Several influential Ohio business organizations are asking the state’s voters to oppose an adult-use marijuana legalization measure on next month’s ballot.
Maryland and Missouri residents voted for adult use last fall as legalization moves away from liberal states on the coasts to more conservative areas.
Voters in Oklahoma rejected a legalization measure in March, while lawmakers in Delaware and Minnesota passed bills earlier this year legalizing recreational cannabis.
Ohio’s election process begins Wednesday with early voting, both in person and by mail.
But worries over workplace safety and employers’ ability to find workers who can pass drug tests have led the Ohio Chamber of Commerce, the Ohio Business Roundtable and the Ohio Manufacturer’s Association to oppose the measure, according to Cleveland.com.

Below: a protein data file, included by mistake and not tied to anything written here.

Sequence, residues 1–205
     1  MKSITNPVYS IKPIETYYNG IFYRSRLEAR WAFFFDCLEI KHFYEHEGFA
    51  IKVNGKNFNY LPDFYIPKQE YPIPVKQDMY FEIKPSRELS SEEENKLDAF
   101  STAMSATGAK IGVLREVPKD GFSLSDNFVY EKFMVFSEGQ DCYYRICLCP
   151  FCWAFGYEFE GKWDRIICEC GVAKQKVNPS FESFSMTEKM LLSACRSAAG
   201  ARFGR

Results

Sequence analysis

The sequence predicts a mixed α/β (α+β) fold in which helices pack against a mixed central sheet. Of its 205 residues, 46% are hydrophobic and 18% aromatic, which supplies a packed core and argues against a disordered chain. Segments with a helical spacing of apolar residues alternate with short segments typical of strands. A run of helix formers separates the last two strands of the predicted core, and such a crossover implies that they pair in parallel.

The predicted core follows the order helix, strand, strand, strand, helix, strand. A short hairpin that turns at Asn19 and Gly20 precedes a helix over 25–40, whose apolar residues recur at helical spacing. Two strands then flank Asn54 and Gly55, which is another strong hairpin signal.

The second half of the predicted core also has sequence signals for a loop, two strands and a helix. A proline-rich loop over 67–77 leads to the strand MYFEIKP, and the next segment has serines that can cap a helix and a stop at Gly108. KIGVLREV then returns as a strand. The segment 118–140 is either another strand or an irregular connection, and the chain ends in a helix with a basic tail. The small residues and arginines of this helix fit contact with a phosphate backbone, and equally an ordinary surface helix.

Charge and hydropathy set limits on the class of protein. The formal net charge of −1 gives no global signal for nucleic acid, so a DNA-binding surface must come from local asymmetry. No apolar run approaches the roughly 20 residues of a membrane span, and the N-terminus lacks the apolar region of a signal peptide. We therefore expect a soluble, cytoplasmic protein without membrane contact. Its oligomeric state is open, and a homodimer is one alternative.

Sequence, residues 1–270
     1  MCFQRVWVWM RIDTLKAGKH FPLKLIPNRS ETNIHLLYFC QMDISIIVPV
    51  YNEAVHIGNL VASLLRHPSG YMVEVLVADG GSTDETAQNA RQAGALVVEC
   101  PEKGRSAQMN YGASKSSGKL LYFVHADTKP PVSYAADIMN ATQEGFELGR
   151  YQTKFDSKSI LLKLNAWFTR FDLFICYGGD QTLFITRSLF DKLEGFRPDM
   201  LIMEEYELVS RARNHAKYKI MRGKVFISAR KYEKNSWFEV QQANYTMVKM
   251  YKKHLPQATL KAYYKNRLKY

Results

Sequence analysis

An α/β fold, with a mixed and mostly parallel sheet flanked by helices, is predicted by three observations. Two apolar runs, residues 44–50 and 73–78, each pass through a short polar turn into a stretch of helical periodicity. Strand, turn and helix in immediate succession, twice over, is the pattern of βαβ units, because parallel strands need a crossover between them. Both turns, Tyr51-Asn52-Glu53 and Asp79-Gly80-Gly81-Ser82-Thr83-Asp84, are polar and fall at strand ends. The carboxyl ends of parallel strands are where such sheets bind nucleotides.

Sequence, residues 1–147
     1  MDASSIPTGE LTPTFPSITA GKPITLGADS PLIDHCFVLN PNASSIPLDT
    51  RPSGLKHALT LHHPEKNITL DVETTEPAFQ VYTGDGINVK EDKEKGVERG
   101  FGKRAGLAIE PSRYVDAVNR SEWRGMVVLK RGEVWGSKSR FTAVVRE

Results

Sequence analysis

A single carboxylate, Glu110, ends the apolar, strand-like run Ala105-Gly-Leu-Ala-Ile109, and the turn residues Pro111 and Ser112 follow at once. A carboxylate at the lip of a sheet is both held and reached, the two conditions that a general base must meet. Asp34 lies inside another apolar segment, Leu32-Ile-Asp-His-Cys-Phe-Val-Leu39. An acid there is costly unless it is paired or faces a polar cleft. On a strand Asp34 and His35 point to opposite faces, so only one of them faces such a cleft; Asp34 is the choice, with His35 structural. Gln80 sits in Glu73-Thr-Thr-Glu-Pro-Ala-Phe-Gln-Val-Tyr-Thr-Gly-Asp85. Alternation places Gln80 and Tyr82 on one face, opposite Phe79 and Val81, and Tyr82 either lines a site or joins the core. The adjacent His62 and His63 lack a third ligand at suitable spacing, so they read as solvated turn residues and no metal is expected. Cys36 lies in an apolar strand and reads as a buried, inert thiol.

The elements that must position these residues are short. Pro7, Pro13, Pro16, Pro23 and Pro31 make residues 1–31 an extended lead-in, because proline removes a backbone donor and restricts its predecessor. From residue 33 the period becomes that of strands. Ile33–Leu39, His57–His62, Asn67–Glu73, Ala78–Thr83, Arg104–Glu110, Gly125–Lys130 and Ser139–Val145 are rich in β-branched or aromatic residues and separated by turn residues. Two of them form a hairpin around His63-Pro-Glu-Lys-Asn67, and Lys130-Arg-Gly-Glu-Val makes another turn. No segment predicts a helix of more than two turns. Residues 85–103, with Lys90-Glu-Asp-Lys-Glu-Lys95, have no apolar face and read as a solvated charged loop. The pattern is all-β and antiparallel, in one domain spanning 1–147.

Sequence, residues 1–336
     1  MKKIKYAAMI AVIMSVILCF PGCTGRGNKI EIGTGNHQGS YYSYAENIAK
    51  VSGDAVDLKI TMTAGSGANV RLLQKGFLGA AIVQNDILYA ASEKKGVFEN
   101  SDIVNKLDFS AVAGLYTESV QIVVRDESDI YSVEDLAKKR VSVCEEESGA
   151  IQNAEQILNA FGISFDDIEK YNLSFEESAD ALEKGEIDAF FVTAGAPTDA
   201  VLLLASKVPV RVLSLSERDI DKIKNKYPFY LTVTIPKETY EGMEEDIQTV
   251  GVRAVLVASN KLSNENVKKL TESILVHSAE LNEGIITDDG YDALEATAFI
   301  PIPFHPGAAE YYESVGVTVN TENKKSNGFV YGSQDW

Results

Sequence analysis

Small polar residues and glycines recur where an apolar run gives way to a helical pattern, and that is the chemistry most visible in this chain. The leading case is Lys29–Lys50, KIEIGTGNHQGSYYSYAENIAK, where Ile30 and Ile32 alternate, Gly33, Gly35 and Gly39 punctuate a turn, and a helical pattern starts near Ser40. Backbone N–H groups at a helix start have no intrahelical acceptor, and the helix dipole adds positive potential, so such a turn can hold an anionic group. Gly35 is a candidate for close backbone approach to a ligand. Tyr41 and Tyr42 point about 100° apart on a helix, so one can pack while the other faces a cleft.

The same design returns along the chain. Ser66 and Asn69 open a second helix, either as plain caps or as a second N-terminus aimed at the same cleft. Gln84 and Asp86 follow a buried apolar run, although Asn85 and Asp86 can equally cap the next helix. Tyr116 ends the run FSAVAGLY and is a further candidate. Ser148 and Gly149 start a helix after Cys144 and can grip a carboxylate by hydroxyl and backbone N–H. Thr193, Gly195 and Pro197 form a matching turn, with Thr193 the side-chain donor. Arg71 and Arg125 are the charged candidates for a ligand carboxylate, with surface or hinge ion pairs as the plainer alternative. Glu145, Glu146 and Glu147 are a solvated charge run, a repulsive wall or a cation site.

Legalization presents “no upside for businesses that I can see,” Steve Stivers, CEO of the Chamber of Commerce, told the news outlet.
Stivers’ worries echo messaging heard in other states that have considered legalization, including Colorado.
However, a later analysis by the Federal Reserve Bank of Kansas City found that adult-use legalization in Colorado led to employment growth and increased tax revenue.
Tom Haren, a spokesperson for Ohio’s pro-legalization sponsor, Coalition to Regulate Marijuana Like Alcohol, dismissed the business groups’ worries as “Reefer Madness type scare tactics.”
Experts interviewed by Cleveland.com said that fears such as Stivers’ have not become reality in other markets that have legalized recreational cannabis.
Ohio Gov. Mike DeWine, a Republican, also opposes the measure.